By the end of 2020, the ready-to-drink coffee beverage company Super Coffee, cofounded by brothers Jordan, Jake and Jim DeCicco, had become the third most popular ready-to-drink coffee in America. Kitu Life, the 110-person company that owns Super Coffee, is only behind Starbucks and Dunkin—and its revenue grew 106% to $55 million, helping it reach a $400 million valuation. Though the coffee behemoths’ revenues are in the billions, they declined from 2019 to 2020. “We’ve been in hyper-growth mode since we started,” says Jim, 28, the CEO, explaining the company’s growth-over-profitability strategy. “We did $4 million in 2018 sales and $55 million in 2020—so it’s been a crazy couple of years.”
Super Coffee’s revenue was up 57% for the first quarter of 2021 as compared to the same period last year. This year, the brothers, who made Forbes 30 Under 30 list in 2019, plan to make Super Coffee available wherever beverages are sold.
To help them achieve this goal, on Friday the company announced the appointment of Rosanna Godden, former finance vice president at Whole Foods Market, as its chief financial officer. “The addition of [Godden] will enable us to explore every option from private mergers to a potential IPO—whatever path allows us to scale globally quickly and efficiently,” says Jim, 28.
Prior to joining Whole Foods and Amazon, where she spent more than eight years overseeing merger and acquisition financing, she served as an accountant at Starbucks, managing consumer packaged goods and retail finances, as well as its acquisition of Evolution Fresh.
“It’s not every day an opportunity comes across your desk that leverages your entire background.” says Godden. “Everything Super Coffee needs I have. I think I could make a really direct impact immediately.”
The DeCiccos neither have backgrounds in corporate beverages nor bespoke coffee brewing. Rather, they were college athletes. The youngest DeCicco, Jordan, was still a freshman at Philadelphia University when the company was founded. After running sprints and lifting weights at 5am basketball practices, he struggled to find the energy for his classes. The business major turned to campus vendors for coffee, but only found ready-to-drink Starbucks Frappuccinos, complete with 31 grams of sugar and 37 grams of carbohydrates, making the option a nonstarter for the athlete. From his dorm room, he took to brewing his own coffee with strength-boosting protein and coconut oil. It became a hit with his teammates.
Two years later, Jordan won the Thiel Fellowship, Jim quit his Wall Street finance job, and they moved into the basement of Jake’s Georgetown dorm to make their athlete-approved alternative to coffee a reality. In 2015, they made their first sale at the Georgetown Whole Foods Market.
Though its coffee is slightly more expensive than competitors Starbucks and Dunkin—a dozen of its ready-to-drink bottles market for $32, as compared to $17 for the same amount of Starbucks Frappuccinos and $26 for the Dunkin equivalent—Super Coffee sees itself as a healthier alternative, its beverages boasting zero added sugar, MCT oil to improve cognition and plant-based protein (or milk protein isolate) to build strength and stave off hunger. It sells 30 products, ranging from coffee grounds to K-cups to creamers.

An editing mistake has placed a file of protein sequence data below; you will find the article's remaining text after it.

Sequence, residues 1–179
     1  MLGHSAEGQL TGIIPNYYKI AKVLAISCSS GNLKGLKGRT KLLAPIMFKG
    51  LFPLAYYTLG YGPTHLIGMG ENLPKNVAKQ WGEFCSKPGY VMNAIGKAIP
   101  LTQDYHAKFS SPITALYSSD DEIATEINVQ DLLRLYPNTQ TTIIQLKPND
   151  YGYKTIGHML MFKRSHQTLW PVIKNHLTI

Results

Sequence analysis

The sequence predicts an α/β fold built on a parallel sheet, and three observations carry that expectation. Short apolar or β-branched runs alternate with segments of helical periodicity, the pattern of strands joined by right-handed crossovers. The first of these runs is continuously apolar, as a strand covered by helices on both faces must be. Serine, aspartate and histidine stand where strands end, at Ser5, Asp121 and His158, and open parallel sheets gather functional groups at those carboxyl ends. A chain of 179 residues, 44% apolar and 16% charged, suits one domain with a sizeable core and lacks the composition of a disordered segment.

Pursuing growth and hype over everything, they’ve opted for a plethora of buzzy investors to attract press as much as capital, rather than sticking with select Silicon Valley firms. Its more than 100 investors—including celebrities like Jennifer Lopez, Aaron Rodgers and Patrick Schwarzenegger—own over 80% of the company, and their big personalities have helped Super Coffee attract 110 full-time employees, many of whom will work out of the company’s new 8,000-square-foot Austin headquarters.
Though Super Coffee has only been on the market five years, a relative blip compared to Dunkin’s 71 and Starbucks’ 40 years, it has secured shelf space at Walmart, CVS, Walgreens, Target and millions of corner stores, thanks, in part, to its wholesale distribution partnership with Anheuser-Busch. When Hensley Beverage, the largest A-B distributor in Arizona, was looking to expand its portfolio beyond alcohol, it turned to Super Coffee, intrigued by the brand’s value proposition, the brothers’ story and the drinks’ taste. One year later, Super Coffee is selling 2,000 cases per month to Hensley’s Arizona retail clients.
“Their growth has been exponential,” says Hensley president Andy McCain. “What makes the company appealing is that they have stayed true to their core, which is providing this drink that they know is a better alternative to what was out there before they created it.”
The brothers attribute much of their success to their tight-knit relationship, and the fact they consider themselves synonymous with Super Coffee. Until Jim moved to Austin D.C. to open the new Super Coffee headquarters, the trio had lived, worked and worked out together in New York City. “Super Coffee is a natural extension of who we are,” says Jim. “It wouldn’t make sense if we ran a salad dressing company. Super Coffee and the DeCicco brothers have the same personality.”
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